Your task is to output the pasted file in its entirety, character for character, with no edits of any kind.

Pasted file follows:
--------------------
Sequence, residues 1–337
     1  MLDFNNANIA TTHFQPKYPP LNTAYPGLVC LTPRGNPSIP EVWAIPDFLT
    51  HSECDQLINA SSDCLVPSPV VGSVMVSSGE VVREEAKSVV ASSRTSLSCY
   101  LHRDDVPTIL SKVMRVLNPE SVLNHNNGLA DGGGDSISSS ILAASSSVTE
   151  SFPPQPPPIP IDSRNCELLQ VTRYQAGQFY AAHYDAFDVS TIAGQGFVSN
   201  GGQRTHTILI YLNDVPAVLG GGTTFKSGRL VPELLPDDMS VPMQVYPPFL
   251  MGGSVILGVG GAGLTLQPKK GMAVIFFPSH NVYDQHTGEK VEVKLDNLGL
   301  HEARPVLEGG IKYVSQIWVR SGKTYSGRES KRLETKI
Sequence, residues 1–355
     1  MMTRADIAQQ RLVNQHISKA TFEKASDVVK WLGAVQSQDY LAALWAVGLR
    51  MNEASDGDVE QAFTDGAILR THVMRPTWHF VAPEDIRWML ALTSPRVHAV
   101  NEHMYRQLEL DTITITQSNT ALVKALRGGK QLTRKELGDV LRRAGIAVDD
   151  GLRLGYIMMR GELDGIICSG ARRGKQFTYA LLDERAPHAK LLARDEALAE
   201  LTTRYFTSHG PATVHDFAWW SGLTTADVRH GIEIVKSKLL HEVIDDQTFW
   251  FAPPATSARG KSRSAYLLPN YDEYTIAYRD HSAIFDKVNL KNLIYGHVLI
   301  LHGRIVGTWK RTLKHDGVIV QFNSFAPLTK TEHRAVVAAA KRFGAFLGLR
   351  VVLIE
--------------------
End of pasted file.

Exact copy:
Sequence, residues 1–337
     1  MLDFNNANIA TTHFQPKYPP LNTAYPGLVC LTPRGNPSIP EVWAIPDFLT
    51  HSECDQLINA SSDCLVPSPV VGSVMVSSGE VVREEAKSVV ASSRTSLSCY
   101  LHRDDVPTIL SKVMRVLNPE SVLNHNNGLA DGGGDSISSS ILAASSSVTE
   151  SFPPQPPPIP IDSRNCELLQ VTRYQAGQFY AAHYDAFDVS TIAGQGFVSN
   201  GGQRTHTILI YLNDVPAVLG GGTTFKSGRL VPELLPDDMS VPMQVYPPFL
   251  MGGSVILGVG GAGLTLQPKK GMAVIFFPSH NVYDQHTGEK VEVKLDNLGL
   301  HEARPVLEGG IKYVSQIWVR SGKTYSGRES KRLETKI
Sequence, residues 1–355
     1  MMTRADIAQQ RLVNQHISKA TFEKASDVVK WLGAVQSQDY LAALWAVGLR
    51  MNEASDGDVE QAFTDGAILR THVMRPTWHF VAPEDIRWML ALTSPRVHAV
   101  NEHMYRQLEL DTITITQSNT ALVKALRGGK QLTRKELGDV LRRAGIAVDD
   151  GLRLGYIMMR GELDGIICSG ARRGKQFTYA LLDERAPHAK LLARDEALAE
   201  LTTRYFTSHG PATVHDFAWW SGLTTADVRH GIEIVKSKLL HEVIDDQTFW
   251  FAPPATSARG KSRSAYLLPN YDEYTIAYRD HSAIFDKVNL KNLIYGHVLI
   301  LHGRIVGTWK RTLKHDGVIV QFNSFAPLTK TEHRAVVAAA KRFGAFLGLR
   351  VVLIE